Visionstream eyes cuts to more than 60 jobs
- 10 April, 2017 11:13
More than 60 Visionstream employees could be affected as the telecommunications and IT services company continues to trim its workforce, according to the Communications Workers Union (CWU).
The CWU revealed on 7 April that it had been notified by Visionstream that the company plans to cut more than 60 positions from its field services delivery workforce, as current contracts expire and work volumes decline simultaneously.
The union said those affected will be both direct employees and labour hire workers. In addition, around 22 jobs that are currently covered by either the Visionstream Field Workforce Agreement or the Silcar Communications Agreement are at risk.
A further 17 non-EA and 27 labour hire jobs are also likely to go.
According to the CWU, Visionstream and Silcar failed to win National Broadband Network (NBN) work when the Operations and Maintenance Master Agreements (OMMA) were announced in December 2015, with current contracts for FTTN build expiring in June.
On 21 December 2015, the company behind the NBN rollout, nbn, entered into OMMA agreements for the provision of ‘operate and maintain’ services on the fixed line technologies: Fibre-to-the-Premises (FTTP); Fibre-to-the-Node (FTTN/B) and Hybrid Fibre-Coaxial (HFC).
These works involve activating homes and businesses, along with ongoing maintenance to help access to a fast broadband experience. Work covered by the OMMA relates to operations and maintenance work once an area has been declared ‘ready for service’ (RFS) and end-users are able to order a connection.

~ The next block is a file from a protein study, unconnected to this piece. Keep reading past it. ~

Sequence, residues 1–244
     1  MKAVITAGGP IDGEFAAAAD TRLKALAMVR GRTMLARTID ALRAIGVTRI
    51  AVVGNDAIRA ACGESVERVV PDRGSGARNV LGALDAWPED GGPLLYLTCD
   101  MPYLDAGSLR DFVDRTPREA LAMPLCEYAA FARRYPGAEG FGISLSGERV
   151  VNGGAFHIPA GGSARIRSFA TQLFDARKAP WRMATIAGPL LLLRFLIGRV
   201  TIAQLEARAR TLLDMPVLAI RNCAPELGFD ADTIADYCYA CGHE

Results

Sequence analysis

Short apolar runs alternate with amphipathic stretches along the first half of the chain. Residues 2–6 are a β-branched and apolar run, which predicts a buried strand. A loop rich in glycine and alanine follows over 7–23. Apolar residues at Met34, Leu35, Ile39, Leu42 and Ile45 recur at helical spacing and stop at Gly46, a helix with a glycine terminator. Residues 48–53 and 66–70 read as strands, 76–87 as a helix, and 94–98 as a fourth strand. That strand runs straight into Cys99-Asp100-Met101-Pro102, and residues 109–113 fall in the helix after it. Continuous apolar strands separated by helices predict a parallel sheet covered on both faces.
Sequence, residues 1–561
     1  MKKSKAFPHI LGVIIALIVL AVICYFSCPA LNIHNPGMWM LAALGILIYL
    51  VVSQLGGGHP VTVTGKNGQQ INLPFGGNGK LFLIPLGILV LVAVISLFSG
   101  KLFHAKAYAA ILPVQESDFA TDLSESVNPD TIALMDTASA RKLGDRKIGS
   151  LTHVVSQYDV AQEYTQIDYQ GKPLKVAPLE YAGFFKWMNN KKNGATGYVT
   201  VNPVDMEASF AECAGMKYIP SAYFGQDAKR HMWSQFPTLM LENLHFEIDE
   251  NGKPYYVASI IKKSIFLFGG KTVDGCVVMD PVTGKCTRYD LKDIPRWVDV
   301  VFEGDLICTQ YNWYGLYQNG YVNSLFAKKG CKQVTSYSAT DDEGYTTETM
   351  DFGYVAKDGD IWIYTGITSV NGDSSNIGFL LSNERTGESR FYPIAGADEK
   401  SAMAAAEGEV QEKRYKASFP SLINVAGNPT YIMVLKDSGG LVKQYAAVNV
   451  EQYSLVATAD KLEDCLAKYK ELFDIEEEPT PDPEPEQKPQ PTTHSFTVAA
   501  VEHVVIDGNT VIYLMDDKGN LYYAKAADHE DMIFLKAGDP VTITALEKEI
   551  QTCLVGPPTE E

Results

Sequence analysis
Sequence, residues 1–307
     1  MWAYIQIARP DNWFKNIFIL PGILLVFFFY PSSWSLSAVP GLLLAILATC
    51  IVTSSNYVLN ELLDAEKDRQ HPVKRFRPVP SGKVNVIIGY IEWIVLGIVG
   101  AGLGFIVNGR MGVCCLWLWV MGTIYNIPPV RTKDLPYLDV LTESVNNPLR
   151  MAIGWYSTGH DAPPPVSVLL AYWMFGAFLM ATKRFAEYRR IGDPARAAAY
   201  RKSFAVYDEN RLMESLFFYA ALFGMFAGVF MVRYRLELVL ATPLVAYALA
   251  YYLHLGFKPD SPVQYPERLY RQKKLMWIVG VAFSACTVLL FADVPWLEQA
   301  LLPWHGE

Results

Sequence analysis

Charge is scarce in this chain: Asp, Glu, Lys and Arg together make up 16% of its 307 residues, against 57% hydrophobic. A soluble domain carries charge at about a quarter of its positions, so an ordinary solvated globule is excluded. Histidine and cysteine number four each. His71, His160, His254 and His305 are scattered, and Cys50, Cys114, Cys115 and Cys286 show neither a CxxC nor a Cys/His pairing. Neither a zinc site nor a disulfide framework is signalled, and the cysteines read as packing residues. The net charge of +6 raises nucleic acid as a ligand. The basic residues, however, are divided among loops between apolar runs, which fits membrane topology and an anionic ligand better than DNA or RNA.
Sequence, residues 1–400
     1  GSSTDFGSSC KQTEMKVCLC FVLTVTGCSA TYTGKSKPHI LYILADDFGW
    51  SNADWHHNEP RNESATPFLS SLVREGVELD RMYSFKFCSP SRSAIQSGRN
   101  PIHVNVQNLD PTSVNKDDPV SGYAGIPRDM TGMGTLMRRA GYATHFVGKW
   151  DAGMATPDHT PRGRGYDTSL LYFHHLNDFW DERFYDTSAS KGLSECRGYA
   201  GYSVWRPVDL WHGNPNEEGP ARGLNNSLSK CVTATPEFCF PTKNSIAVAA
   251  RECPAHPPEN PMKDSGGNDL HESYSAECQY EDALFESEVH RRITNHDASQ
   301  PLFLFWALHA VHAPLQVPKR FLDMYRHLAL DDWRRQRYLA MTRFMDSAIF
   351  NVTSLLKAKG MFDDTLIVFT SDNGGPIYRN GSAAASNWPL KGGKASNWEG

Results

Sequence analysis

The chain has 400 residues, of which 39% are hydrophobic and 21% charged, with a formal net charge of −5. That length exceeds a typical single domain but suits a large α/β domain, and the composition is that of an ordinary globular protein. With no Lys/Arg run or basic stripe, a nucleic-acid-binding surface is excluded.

Service Stream Limited, Telstra and BSA Limited were each awarded an Operate and Maintain Master Agreement.
Visionstream said the company is also experiencing uncertainty and a drop-off in work in other contract areas.
“The company has been seeking expressions of interest for voluntary redundancies, although as usual it says that it will also consider its own requirements when making redundancy decisions,” CWU said in a statement.
In December last year, the CWU also that it had been notified by Visionstream that the company was set to shed staff after the completion of construction work on the Optus Wireless Project.
While the exact numbers had not been finalised, according to the CWU, the company previously said it expected about 80 employees covered by the current enterprise agreement, and a further unspecified number of staff members not covered by the agreement, such as management, to be affected.
Visionstream has built its reputation as an infrastructure construction partner for some of Australia’s largest telecommunications providers.
In April, Visionstream inked a five-year contract with Telstra, estimated to be worth around $350 million. The deal covered network integrity and facilities management, and enabled Visionstream to supply maintenance and building services to more than 40,000 exchange and network assets across Australia.
In October, the company signed a multi-technology mix (MTM) construction contract with nbn, Australia’s National Broadband Builder (NBN).